What if a child has a latex reaction?

All child care providers within the facility need to be aware of any child with latex reaction. Latex products should not be used for these children. Child care providers should work with parents and follow the child’s medical guidelines for using non-latex products. Gloves must be made of vinyl or some other substance that does not contain or cross-react with latex should be available at diaper changing areas, first aid kits, emergency supplies, food service, and in play items or spaces. Other common supplies that contain latex, such as rubber bands, should also be removed from the environment.


Is latex reaction really a serious concern?

The latex reaction usually is seen as skin irritation to the hands or mild symptoms like runny nose and watering eyes. But, for some people the reaction to latex can be life threatening. Workers and older children with latex allergy should wear identification noting the latex sensitivity. It is not practical or safe for young children to wear medical identification—so parents and child care workers must be diligent about notifying all care providers of the child’s latex sensitivity.

Where can I learn more about latex sensitivity?

Ask you public library to help you find appropriate information sources. Your health care provider should have written information for patients with latex reactions. The U.S. government has several agencies that oversee latex production and sales.

Resources
Consumer Product Safety Commission, Office of Information and Public Affairs, Washington, D.C., 20207. Telephone voice 800-638-2772, TTY 800-638-8270. Internet:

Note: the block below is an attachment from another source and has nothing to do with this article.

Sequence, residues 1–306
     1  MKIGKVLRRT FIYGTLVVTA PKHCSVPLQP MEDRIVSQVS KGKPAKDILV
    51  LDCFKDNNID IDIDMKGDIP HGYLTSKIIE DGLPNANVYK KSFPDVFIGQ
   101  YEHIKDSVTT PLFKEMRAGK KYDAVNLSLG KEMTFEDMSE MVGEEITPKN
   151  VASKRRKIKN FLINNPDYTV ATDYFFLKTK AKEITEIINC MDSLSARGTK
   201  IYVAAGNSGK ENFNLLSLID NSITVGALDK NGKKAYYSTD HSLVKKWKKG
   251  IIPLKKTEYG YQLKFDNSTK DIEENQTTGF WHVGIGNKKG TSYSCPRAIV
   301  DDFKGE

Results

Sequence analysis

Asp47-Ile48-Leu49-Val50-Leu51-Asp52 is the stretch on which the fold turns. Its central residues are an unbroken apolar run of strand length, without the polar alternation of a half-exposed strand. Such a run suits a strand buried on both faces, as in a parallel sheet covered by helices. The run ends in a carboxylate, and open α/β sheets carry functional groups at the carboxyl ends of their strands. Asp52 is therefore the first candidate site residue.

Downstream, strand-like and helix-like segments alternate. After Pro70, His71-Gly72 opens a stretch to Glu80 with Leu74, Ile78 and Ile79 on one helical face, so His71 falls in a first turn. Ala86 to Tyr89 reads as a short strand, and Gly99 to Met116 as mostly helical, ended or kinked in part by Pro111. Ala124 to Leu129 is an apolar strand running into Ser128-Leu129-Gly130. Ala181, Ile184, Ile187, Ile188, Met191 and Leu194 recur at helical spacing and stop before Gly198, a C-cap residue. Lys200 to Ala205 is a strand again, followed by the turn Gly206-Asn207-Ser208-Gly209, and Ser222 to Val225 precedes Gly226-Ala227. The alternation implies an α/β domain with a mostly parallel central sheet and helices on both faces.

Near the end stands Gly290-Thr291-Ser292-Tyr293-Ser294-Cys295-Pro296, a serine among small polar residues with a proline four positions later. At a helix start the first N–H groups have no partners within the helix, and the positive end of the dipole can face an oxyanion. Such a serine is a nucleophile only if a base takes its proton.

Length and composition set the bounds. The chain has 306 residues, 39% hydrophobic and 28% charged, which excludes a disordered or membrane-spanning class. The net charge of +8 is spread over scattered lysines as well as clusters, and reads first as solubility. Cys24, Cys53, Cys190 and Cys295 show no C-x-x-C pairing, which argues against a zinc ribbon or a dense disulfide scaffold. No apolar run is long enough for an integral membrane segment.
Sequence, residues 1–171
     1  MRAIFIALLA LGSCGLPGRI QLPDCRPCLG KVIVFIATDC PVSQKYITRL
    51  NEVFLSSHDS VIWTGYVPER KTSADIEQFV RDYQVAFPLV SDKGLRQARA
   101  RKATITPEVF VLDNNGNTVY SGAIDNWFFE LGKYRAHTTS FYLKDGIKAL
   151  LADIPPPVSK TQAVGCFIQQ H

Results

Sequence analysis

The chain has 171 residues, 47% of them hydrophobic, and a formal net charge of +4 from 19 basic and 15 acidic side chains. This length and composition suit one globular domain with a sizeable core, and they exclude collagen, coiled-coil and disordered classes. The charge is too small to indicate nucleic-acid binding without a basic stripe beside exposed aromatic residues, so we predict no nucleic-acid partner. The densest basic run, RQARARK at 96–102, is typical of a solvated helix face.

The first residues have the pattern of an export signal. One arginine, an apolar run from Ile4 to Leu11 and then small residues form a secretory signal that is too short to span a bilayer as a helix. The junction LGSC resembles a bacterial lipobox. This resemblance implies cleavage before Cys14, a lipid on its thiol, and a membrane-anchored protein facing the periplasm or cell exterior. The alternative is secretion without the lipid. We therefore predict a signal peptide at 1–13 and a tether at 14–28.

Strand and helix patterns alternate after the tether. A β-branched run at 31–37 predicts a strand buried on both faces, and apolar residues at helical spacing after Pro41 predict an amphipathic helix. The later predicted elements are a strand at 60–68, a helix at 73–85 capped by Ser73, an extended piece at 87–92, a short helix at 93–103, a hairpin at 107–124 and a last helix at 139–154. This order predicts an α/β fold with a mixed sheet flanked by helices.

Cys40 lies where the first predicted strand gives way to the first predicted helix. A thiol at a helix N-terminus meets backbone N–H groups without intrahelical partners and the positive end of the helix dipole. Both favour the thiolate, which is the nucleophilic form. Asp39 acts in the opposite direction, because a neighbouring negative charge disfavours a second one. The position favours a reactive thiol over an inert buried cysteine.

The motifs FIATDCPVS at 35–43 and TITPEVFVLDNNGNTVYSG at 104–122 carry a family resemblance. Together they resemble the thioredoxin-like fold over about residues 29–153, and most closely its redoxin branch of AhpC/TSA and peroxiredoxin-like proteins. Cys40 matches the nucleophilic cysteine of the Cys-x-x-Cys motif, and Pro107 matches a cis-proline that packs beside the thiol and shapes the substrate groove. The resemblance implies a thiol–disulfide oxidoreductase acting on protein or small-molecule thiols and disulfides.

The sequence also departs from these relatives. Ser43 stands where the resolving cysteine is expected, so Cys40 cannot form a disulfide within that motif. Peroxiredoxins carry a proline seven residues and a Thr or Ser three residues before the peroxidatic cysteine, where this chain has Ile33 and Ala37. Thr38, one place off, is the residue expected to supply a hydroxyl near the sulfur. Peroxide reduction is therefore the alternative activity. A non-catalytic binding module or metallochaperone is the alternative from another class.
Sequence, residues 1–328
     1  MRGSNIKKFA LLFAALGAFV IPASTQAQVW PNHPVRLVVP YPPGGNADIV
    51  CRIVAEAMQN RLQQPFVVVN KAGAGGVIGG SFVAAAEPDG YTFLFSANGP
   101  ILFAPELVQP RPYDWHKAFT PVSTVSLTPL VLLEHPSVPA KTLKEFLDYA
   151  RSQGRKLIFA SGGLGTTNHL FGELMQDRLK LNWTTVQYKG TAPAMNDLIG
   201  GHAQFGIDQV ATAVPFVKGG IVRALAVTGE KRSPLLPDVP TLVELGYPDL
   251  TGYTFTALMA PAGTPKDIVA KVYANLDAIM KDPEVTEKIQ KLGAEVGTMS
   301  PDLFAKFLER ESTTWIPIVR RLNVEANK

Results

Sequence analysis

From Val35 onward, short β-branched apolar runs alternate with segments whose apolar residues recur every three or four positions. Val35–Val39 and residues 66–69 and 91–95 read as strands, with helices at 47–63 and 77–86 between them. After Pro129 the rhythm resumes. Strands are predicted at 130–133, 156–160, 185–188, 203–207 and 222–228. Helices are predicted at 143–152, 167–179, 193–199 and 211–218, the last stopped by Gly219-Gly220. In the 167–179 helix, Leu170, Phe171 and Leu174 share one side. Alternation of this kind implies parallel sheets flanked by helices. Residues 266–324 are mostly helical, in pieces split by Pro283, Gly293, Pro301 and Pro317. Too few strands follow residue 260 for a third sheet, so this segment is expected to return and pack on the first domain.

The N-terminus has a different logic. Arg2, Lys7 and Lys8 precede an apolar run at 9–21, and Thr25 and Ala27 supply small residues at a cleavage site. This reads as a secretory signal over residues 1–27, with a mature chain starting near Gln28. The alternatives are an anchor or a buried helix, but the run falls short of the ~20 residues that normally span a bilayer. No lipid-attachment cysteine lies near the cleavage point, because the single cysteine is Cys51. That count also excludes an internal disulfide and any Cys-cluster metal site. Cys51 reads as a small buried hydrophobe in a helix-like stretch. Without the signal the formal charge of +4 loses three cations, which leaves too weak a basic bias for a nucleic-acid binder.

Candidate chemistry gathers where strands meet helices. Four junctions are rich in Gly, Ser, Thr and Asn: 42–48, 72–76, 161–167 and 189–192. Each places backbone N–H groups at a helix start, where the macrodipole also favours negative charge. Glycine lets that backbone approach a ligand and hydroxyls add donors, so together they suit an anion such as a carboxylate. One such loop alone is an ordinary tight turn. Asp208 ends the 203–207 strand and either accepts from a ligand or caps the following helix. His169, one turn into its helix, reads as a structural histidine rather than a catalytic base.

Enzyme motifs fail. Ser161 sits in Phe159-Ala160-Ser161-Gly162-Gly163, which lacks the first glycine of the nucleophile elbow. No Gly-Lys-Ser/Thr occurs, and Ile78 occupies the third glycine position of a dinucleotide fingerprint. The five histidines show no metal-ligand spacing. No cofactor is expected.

www.cpsc.gov

Food and Drug Administration, HFI-40, Rockville, MD 20857. Telephone 1-888-463-6332. Email:
webmail@oc.fda.gov
www.fda.gov

National Institute of Occupational Safety and Health, Centers for Disease Control and Prevention, Telephone 1-800-356-4674. Email:
pubstaft@cdc.gov
Center for Disease Control

Published by: Healthy Child Care Iowa is a project of the Iowa Departments of Human Services and Public Health through the Child Care and Development Fund, Maternal and Child Health Block Grant of the U.S. Department of Health and Human Services. July 2000

[1] Preventing Allergic Reactions to Natural Rubber Latex in the Workplace, National Institute of Occupational Safety and Health, Centers for Disease Control and Prevention, U.S. Department of Health and Human Services, Publication No. 97-135, July 1998.

[2] American Academy of Pediatrics, American Public Health Association, National Resource Center for Health and Safety in Child Care. Caring For Our Children National Health and Safety Performance Standards: Guidelines for Out-Of-Home Child Care Programs Second Edition. 2002. pg. 95.

[3] Latex Allergy, A Prevention Guide, National Institute of Occupational Safety and Health, Centers for Disease Control and Prevention, U.S. Department of Health and Human Services, Publication No. 98-113, Feb. 1999.

This document was prepared by the National Resource Center for Health and Safety in Child Care.